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Thinly Traded ETFs Trade Differently Than Liquid ETFs

Nasdaq’s Phil Mackintosh recently examined a single chart that combines many of the things he’s recently been discussing regarding market fragmentation, routing, spreads and ETF liquidity.

What he found is just how differently popular ETFs trade versus thinly-traded ETFs.

Smaller ETFs trade differently than large ETFs

In Chart 1 (see below), each circle represents an ETF ticker. Note that the biggest ETFs (big circles) also see the most trading (in the bottom right corner). That in turn results in the most competitive, and tightest spreads (low on the vertical axis). So far no surprises for regular readers of our posts.

However, where this chart gets interesting is the color scheme. Yellow circles represent stocks that trade on-exchange more than the market wide average. While the darker the circles get, the higher the proportion of trading that occurs off-exchange.

What that highlights is that for many thinly traded ETFs, the proportion of trading off-exchange is very high. There are a couple of good reasons for this.

First, the underlying investors are different. Hyper-liquid ETFs are frequently used by hedge funds and banks to hedge and take tactical positions. That’s why their turnover often looks more like a future than a stock. This in turn creates economies of scale for market-makers and arbitrageurs, even leading to tighter quotes and more tactical trading.

In fact, their spreads become so tight that they are usually much cheaper to trade than the underlying stocks.

In contrast, many of the smaller ETFs are designed for longer-term investors with active or smart beta portfolios. That in turn makes them more popular with retail and investment advisors. As we noted recently, advisors and retail investors tend to trade much more off-exchange.

We’d prefer to see tighter spreads on exchange and made some proposals to deliver this in our ETF Rule Comment. But until that happens, off-exchange trading of thinly traded ETFs can often help reduce trading costs, as we discuss below.

Chart 1: As ETF popularity increases, spreads fall and exchange trading increases


Source: Nasdaq Economic Research

Don’t be scared by ETFs with wider spreads and low ADVT

One of the unique things about ETFs is that market-makers can buy the ETF or buy the basket and do a creation. That’s important because it means, for larger trades:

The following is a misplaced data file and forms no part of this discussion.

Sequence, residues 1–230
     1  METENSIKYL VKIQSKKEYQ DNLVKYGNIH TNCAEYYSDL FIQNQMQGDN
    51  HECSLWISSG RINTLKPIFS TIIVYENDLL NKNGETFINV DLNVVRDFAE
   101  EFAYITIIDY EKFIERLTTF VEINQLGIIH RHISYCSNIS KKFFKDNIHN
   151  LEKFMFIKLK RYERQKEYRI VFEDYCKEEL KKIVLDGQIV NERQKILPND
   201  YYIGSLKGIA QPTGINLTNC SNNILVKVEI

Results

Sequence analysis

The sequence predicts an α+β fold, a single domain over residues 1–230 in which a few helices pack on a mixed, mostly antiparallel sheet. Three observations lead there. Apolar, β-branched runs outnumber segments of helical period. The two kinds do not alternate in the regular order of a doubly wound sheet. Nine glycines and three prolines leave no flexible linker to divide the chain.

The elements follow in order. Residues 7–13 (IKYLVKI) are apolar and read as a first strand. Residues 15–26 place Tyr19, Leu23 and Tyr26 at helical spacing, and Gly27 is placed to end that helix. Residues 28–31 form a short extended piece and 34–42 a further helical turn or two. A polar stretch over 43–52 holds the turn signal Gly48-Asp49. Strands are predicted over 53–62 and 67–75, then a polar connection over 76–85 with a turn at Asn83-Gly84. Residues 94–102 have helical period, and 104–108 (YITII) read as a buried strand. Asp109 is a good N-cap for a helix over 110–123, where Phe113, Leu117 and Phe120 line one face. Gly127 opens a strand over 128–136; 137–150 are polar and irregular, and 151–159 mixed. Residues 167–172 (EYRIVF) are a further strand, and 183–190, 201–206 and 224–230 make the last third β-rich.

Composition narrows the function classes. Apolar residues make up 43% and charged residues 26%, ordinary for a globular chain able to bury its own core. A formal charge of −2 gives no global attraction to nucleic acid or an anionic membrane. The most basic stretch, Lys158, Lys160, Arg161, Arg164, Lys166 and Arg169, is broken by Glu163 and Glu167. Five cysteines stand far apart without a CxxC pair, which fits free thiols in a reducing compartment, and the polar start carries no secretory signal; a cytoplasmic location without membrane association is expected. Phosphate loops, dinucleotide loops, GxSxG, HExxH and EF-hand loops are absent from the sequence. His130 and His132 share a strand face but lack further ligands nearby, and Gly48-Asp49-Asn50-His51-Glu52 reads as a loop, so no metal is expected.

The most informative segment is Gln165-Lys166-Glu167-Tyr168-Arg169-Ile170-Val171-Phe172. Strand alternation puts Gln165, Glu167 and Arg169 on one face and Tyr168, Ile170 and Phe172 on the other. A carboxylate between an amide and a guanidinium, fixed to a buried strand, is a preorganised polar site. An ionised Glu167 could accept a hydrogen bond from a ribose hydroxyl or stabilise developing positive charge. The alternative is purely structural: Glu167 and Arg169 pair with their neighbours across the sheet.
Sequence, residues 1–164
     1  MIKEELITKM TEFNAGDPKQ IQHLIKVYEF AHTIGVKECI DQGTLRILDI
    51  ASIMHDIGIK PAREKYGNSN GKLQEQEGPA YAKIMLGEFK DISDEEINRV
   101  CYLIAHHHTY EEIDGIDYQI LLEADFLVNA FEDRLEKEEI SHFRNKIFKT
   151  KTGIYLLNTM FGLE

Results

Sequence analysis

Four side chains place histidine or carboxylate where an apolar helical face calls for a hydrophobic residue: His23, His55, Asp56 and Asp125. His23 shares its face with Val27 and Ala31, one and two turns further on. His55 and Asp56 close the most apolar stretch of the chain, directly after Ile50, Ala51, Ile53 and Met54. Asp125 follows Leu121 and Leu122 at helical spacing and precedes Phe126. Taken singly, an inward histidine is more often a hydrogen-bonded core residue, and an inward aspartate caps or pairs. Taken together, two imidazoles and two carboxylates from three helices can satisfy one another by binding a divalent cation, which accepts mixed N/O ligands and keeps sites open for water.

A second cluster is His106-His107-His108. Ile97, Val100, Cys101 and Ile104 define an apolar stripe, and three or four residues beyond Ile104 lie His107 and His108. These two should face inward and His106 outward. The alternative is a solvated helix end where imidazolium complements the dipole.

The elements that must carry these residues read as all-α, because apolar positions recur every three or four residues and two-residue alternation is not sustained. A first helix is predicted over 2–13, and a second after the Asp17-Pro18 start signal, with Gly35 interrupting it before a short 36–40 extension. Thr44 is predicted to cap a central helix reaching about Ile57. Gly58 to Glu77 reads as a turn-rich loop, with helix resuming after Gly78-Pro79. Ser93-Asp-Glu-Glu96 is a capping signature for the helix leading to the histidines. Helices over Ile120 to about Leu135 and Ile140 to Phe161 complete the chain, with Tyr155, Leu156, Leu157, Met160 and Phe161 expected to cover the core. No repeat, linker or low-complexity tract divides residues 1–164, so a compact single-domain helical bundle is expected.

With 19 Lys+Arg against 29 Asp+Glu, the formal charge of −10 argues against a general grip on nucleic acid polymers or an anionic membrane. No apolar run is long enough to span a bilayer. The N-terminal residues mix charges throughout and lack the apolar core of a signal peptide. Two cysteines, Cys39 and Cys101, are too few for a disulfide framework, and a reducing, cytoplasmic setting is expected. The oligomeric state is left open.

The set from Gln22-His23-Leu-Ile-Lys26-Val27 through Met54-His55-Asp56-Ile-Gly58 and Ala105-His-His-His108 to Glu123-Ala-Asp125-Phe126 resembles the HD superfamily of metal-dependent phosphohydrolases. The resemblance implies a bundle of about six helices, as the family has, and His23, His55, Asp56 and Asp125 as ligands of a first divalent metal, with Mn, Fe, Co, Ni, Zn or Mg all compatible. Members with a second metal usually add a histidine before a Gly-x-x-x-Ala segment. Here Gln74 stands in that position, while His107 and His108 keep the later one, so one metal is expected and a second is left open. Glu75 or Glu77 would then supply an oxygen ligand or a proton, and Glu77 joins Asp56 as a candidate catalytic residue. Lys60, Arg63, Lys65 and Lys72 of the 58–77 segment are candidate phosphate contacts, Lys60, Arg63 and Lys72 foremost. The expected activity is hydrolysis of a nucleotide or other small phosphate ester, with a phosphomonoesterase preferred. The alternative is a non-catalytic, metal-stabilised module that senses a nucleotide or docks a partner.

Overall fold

ETF daily volume is NOT important, as arbitrageurs and market makers can pull liquidity from the underlying stocks into any ETF. That means most ETFs can easily absorb trades of at least $100m, which (for perspective) is roughly the market-wide value on offer in the U.S. market at any time during the day
ETF spreads should NOT deter investors from considering larger trades in an ETF, as market makers can buy the underlying stocks and convert that cost to an ETF
However, by definition, when you trade through a market maker you contribute to increased “off-exchange” trading.

Even if your trade is small, crossing the ETF spread is usually still cheaper than buying the basket of underlying stocks. In fact our data shows that more than 99.4% of ETF liquidity (by U.S. dollar value) trades with spreads less than 20bps.

Bonus Chart: What about Stocks?

In case you’re wondering what this looks like for stocks, we’ve added that chart below too.

What we see is interesting: stocks trade more “the same” with many stocks being a pale shade of yellow (slightly more lit trading than the market-wide average). Although we do still see spreads are tighter as daily increases (diagonal slope of the line).

Thinly traded stocks (left side of chart) do tend to trade more dark, the pattern is nowhere near as strong as for ETFs—nor does it start at the same point:

ETFs trading less than $20 million/day tend to commonly trade a high percentage off-exchange
While stocks trading less than $1 million/day sometimes trade a little more off-exchange than average
One factor that is likely contributing to both stocks and ETFs is that retail internalization is a higher proportion of trading in smaller-cap securities.

Chart 2: The same chart looks very difference for corporate securities


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The views and opinions expressed herein are the views and opinions of the author and do not necessarily reflect those of Nasdaq, Inc.